Tuesday, 14 September 2010

Preparing fossils

This, believe it or not, is one of the fossils we found in Burnmouth in July, and it's proving quite enigmatic, even if it actually doesn't look like much at all! (And my apologies that the ruler is upside down!)

The original rock, as extracted from the cliff, was about 8cm square and perhaps 2cm thick, and held a sizeable piece of bone as these things go.  We were quite excited.  Jenny thought it might be the clavicle of a fish from a group called Rhizodonts.  The clavicle in this context is the centre bone from the front of the shoulder girdle (no direct equivalent in human anatomy) but judging from the size of the bone, the fish would have been a couple of metres long, so a decent meal for four!

Now I know you can't see much of the bone, as it's mostly embedded in the rock, but what you can see is a paler area where I've been picking away the rock matrix, leaving a kind of horizontal brownish area just below where the ruler says 15cm upside down.

That, if you magnify it up, is a row of tiny teeth, each only about a millimetre long, and they are getting us excited.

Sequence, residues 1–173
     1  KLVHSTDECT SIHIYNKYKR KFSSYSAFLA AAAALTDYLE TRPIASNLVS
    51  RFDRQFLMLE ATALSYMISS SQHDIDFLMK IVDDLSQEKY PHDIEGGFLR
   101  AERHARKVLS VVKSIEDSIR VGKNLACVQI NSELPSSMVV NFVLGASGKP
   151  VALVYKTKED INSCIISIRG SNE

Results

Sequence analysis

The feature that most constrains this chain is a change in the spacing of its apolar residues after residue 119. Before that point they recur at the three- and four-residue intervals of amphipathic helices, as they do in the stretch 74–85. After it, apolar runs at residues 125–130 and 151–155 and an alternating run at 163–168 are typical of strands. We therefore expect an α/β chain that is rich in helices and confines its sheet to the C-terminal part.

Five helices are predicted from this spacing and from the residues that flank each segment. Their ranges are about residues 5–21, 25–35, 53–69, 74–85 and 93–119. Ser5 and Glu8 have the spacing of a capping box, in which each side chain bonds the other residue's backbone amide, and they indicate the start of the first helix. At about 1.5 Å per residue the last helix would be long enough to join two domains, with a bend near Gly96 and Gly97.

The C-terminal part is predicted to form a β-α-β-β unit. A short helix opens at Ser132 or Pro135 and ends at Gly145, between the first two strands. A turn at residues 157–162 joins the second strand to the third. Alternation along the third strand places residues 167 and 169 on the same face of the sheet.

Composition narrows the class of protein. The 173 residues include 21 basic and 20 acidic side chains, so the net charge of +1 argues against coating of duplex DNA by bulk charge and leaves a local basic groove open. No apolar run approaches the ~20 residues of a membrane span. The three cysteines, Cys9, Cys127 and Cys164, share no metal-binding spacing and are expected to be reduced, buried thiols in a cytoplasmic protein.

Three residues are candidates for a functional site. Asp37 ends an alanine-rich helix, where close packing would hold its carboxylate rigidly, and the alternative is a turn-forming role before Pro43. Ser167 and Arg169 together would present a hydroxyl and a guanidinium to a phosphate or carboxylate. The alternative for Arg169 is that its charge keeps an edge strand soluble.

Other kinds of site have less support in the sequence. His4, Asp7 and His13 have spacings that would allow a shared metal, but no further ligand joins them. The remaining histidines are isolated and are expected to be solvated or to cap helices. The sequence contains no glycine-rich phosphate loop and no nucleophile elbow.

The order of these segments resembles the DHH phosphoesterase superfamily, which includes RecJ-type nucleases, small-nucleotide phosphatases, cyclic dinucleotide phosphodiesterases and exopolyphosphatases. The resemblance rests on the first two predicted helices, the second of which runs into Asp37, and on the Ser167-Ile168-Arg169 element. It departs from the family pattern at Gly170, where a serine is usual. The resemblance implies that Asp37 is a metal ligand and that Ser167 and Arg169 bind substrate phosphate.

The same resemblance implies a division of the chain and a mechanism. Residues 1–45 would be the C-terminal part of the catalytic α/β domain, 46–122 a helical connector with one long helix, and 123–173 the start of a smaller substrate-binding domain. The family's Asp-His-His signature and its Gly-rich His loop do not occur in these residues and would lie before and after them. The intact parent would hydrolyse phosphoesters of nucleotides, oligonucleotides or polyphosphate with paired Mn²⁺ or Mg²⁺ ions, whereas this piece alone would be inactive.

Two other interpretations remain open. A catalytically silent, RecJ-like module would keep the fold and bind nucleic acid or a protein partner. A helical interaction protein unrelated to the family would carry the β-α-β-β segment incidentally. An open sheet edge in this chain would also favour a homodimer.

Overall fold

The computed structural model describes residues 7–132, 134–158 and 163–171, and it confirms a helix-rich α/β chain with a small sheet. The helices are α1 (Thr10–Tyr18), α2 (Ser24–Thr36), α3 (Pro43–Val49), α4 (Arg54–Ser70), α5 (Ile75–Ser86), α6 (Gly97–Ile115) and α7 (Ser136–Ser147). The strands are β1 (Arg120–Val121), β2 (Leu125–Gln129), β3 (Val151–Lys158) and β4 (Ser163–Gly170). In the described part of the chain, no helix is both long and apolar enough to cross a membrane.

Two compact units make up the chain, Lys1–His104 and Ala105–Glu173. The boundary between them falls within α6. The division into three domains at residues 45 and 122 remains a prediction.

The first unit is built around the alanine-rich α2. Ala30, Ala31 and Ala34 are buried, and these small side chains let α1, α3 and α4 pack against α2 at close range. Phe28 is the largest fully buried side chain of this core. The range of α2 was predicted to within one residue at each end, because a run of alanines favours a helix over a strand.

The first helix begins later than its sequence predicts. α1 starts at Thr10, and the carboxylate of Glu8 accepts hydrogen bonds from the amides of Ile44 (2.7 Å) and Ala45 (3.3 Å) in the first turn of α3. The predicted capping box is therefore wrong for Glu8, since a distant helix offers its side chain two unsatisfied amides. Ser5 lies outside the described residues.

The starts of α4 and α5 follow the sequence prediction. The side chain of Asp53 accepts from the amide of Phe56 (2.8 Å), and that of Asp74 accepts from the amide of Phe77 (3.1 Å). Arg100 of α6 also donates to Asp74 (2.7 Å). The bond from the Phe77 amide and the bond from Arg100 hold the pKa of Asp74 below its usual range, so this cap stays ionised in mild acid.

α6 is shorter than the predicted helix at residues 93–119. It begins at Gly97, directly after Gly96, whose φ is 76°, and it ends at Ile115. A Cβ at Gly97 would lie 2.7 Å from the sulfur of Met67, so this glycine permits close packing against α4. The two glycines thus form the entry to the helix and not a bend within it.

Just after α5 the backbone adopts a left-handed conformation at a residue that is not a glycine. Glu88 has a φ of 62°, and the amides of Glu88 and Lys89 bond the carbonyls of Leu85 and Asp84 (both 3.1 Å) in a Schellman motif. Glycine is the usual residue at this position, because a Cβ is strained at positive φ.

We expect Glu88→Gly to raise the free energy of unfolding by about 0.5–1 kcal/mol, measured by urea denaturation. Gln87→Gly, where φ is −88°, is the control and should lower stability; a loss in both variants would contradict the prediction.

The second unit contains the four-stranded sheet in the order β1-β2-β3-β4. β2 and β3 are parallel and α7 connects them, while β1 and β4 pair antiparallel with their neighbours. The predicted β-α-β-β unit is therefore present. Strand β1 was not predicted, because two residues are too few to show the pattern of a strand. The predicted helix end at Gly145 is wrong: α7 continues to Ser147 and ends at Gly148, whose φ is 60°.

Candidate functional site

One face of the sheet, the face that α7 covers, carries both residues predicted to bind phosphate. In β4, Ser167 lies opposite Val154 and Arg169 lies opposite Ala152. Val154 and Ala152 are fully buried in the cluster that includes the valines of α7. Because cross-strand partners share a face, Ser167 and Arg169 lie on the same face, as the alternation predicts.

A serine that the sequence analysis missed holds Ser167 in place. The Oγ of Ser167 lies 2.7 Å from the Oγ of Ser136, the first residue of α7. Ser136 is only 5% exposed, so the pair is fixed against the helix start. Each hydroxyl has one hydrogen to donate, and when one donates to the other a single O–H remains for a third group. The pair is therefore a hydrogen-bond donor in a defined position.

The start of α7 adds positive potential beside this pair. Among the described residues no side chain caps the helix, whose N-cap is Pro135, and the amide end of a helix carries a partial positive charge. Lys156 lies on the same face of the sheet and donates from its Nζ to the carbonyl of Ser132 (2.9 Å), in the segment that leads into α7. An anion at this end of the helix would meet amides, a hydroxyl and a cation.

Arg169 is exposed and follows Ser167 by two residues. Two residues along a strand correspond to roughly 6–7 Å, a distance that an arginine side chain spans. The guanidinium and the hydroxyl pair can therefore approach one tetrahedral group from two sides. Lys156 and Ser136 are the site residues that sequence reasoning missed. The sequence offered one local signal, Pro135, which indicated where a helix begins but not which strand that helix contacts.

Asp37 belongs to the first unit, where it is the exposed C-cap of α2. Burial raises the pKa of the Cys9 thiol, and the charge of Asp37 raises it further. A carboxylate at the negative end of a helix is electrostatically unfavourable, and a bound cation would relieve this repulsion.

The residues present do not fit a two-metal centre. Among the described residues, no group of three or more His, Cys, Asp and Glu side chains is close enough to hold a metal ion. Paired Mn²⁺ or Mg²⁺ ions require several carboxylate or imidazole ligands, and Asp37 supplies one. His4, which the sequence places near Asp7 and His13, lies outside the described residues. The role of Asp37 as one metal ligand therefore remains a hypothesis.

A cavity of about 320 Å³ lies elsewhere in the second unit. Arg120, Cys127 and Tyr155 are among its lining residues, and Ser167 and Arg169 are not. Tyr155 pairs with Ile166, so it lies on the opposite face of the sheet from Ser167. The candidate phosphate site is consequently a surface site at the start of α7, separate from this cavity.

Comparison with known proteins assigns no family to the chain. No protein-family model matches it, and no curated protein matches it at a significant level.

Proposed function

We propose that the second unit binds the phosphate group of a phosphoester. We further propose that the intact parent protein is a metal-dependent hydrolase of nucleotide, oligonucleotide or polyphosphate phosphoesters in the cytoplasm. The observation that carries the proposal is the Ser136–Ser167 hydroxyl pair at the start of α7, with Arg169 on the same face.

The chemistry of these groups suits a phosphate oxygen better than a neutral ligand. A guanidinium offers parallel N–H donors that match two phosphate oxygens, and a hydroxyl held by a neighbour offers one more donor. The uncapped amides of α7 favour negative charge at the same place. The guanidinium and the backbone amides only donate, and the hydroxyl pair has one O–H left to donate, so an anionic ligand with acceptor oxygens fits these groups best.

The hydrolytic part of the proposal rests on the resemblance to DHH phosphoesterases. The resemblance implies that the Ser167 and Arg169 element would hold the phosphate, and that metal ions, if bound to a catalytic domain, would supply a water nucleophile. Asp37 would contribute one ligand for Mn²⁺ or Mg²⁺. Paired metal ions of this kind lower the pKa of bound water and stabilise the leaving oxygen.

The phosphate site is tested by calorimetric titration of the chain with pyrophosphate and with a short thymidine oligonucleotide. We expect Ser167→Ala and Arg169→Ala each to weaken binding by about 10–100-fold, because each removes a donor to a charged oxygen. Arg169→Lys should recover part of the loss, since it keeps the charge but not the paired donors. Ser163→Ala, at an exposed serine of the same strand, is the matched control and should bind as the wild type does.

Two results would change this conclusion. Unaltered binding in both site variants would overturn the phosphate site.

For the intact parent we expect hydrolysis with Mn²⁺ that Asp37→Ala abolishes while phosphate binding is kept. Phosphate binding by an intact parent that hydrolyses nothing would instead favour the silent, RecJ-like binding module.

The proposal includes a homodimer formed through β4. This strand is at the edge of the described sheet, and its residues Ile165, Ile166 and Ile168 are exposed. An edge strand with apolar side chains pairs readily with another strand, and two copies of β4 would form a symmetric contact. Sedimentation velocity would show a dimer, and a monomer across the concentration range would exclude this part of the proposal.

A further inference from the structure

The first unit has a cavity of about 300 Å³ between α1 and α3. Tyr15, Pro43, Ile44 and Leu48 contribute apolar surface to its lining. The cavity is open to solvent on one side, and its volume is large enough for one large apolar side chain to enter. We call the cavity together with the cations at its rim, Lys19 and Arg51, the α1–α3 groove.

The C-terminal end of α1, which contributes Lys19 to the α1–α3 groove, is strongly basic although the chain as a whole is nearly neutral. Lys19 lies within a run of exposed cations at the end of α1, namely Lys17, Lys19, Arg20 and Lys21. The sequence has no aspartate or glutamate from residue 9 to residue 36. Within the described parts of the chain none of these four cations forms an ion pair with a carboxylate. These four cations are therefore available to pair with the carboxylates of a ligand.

If, and it's a big if, that row of teeth really is part of the rest of the bone in the rock, then it can't possibly be a clavicle.  Shoulder girdles do not have teeth, even in Carboniferous fishes!

But what we're left with, and I know you can't see this, is quite a chunky bone which must be part of the mouth of whatever originally owned it, equipped with minute, but minute teeth.  If an animal has a jaw bone, and it doesn't matter whether that's upper or lower jaw, 10 cm long, how much use is a row of teeth 1mm high?

There's a vertebrate palaeontology conference going on in Cambridge as we speak, and we're showing this beastie to the experts.  So far, the reaction is "Nope.  Never seen anything like that!"

I'll throw another thought your way.  Feel free to discard it.  This animal lived in a 20 million year period known as Romer's Gap.  At the end of the Devonian period, about 360 million years ago, there was a mass extinction, much like the one we're all familiar with at the end of the Cretaceous.  Romer's Gap comes immediately after that, and it's called that because vertebrate fossils are extremely rare from that 20 million year period.  Our beastie comes from about 3/4 of the way through, so about 345 million years ago.

When you get a mass extinction, the few that survive, once things stabilise, have life relatively easy, at least that's my theory. There's less competition and it's generally easier to get by.  If it's easier to get by, even some quite unpromising variations don't stop you reproducing, so a slew of weird animals evolve.  After a bit, and we think less than 20 million years in this case, more and more competing forms evolve, life gets tougher, and only those variants that are actually any good survive.  The rest die out.

We might have one of the survivors here, or one of the doomed weirdos.  We don't know.  Now isn't that fascinating?

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